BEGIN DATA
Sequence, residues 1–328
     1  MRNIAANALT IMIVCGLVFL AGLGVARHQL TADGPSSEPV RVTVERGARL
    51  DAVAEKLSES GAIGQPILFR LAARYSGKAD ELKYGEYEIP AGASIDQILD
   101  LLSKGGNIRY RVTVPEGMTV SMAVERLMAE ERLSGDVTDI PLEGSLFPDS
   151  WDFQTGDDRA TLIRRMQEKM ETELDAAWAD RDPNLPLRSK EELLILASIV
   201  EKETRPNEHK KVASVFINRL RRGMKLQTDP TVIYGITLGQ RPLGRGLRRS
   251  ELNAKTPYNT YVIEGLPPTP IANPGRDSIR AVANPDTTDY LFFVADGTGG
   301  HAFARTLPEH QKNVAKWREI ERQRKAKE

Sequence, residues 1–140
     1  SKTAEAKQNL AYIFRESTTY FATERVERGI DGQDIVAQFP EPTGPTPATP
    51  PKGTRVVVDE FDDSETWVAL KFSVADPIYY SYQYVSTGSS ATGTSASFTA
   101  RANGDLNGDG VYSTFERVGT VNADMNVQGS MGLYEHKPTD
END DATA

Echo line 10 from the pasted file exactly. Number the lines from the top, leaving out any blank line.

     1  SKTAEAKQNL AYIFRESTTY FATERVERGI DGQDIVAQFP EPTGPTPATP